Los Angeles In Popular Culture
This article aims to compile various depictions of Los Angeles in popular culture.
Other articles related to "los angeles in popular culture, los angeles, in popular culture, loss, culture, popular":
1992 Los Angeles riots in popular culture List of television shows set in Los Angeles List of films set in Los Angeles California in popular culture Regions San Fernando Valley Counties Alameda Alpine Amador Butte ...
... Win 38–2 Chris Arreola RTD 10 (12), 300 2009-09-26 Staples Center, Los Angeles, California Retained WBC Heavyweight title ... TKO 8 (12), 246 2004-04-24 Staples Center, Los Angeles, California Won vacant WBC The Ring Heavyweight titles ... Loss 32–2 Lennox Lewis TKO 6 (12), 300 2003-06-21 Staples Center, Los Angeles, California For WBC, IBO, Lineal The Ring Heavyweight titles ...
... to play New Wave artists such as B-52's, Duran Duran, ABC and Culture Club ... However it wasn't until January 11, 1986 that KPWR Los Angeles, a former struggling adult contemporary outlet and WQHT New York began to make its mark with this genre by adopting this approach ... Los Angeles is similar where KPWR and KDAY have similar formats but KPWR is considered Top 40/Rhythm while KDAY is considered Urban ...
... pop songs that showed comparatively little country influence, contained her most popular song, "Constant Craving." That song brought her multi-million sales ... The duet was recorded in Los Angeles, and on Murray's official website there is a picture of Murray and lang kneeling behind Murray's star on the Hollywood Walk ... separated on September 6, 2011, and Lang filed for a dissolution of the partnership in Los Angeles Superior Court on December 30 ...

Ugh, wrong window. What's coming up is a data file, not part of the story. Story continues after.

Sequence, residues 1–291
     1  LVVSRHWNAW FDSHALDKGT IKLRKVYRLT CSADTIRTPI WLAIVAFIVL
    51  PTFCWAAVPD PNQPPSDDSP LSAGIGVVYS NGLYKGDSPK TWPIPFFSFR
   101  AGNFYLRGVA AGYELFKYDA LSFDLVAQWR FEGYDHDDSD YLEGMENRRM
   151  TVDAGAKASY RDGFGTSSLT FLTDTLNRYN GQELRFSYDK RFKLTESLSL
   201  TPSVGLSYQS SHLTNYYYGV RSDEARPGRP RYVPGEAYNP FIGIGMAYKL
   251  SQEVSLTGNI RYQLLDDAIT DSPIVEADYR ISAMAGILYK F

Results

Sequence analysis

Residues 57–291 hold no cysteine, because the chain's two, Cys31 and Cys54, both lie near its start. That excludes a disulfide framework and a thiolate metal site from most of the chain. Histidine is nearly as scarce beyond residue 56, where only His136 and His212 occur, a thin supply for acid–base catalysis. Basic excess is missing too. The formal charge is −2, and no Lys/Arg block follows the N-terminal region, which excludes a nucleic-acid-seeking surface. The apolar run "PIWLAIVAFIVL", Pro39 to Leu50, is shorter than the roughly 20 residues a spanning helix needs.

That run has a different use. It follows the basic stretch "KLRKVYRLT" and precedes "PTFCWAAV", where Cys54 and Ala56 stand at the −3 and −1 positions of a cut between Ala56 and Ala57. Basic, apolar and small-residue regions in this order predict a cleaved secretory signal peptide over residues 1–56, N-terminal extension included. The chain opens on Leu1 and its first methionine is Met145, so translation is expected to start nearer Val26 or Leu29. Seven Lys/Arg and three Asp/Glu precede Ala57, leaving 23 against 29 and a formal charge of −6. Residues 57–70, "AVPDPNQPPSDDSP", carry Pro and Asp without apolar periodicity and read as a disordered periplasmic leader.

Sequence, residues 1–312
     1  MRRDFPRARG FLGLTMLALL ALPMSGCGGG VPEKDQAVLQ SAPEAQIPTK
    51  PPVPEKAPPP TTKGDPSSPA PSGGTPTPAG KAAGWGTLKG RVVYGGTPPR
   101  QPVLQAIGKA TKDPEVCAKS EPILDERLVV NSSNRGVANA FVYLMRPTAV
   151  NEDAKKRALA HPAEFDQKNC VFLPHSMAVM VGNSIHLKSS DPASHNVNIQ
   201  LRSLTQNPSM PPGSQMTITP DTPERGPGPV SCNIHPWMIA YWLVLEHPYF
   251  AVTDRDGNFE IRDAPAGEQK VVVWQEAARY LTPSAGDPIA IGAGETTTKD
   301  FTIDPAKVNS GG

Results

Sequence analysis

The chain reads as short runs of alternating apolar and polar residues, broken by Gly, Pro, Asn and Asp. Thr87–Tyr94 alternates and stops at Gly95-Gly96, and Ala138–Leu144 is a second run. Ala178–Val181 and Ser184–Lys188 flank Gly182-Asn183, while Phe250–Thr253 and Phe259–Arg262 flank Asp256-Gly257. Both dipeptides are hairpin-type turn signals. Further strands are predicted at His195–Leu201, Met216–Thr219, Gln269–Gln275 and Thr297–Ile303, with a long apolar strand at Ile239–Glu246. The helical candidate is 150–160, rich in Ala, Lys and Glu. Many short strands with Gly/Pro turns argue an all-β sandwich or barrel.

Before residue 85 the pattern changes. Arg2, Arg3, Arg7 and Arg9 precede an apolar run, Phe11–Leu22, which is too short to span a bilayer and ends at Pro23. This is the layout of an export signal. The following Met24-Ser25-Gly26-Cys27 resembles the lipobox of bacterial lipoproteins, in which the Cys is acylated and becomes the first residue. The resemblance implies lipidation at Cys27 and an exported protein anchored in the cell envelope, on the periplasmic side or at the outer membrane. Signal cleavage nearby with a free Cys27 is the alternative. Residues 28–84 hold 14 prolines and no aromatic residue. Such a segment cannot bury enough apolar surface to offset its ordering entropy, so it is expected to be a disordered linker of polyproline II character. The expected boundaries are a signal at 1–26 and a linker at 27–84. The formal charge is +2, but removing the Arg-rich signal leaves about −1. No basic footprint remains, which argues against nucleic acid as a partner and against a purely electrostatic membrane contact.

... learns of an impending nuclear attack in Los Angeles ... (Innis Casey) plan to kidnap Megan from the hospital in order to take her out of Los Angeles and away from the nuclear threat 7 ... "Day 200 ... p.m ... Kim and Miguel are arrested and the police plan to take them back to Los Angeles ...
Famous quotes containing the words los angeles, popular culture, culture, popular, angeles and/or los:
“Just because you live in LA it doesnt mean you have to dress that way.”
—Advertising billboard campaign in Los Angeles, mounted by New York fashion house Charivari.
“Popular culture entered my life as Shirley Temple, who was exactly my age and wrote a letter in the newspapers telling how her mother fixed spinach for her, with lots of butter.... I was impressed by Shirley Temple as a little girl my age who had power: she could write a piece for the newspapers and have it printed in her own handwriting.”
—Adrienne Rich (b. 1929)
“With respect to a true culture and manhood, we are essentially provincial still, not metropolitan,mere Jonathans. We are provincial, because we do not find at home our standards; because we do not worship truth, but the reflection of truth; because we are warped and narrowed by an exclusive devotion to trade and commerce and manufacturers and agriculture and the like, which are but means, and not the end.”
—Henry David Thoreau (18171862)
“That popular fable of the sot who was picked up dead-drunk in the street, carried to the dukes house, washed and dressed and laid in the dukes bed, and, on his waking, treated with all obsequious ceremony like the duke, and assured that he had been insane, owes its popularity to the fact that it symbolizes so well the state of man, who is in the world a sort of sot, but now and then wakes up, exercises his reason and finds himself a true prince.”
—Ralph Waldo Emerson (18031882)
“Prejudices are useless. Call Los Angeles any dirty name you likeSix Suburbs in Search of a City, Paradise with a Lobotomy, anythingbut the fact remains that you are already living in it before you get there.”
—Clive James (b. 1939)
“If Los Angeles has been called the capital of crackpots and the metropolis of isms, the native Angeleno can not fairly attribute all of the citys idiosyncrasies to the newcomerat least not so long as he consults the crystal ball for guidance in his business dealings and his wife goes shopping downtown in beach pajamas.”
—For the State of California, U.S. public relief program (1935-1943)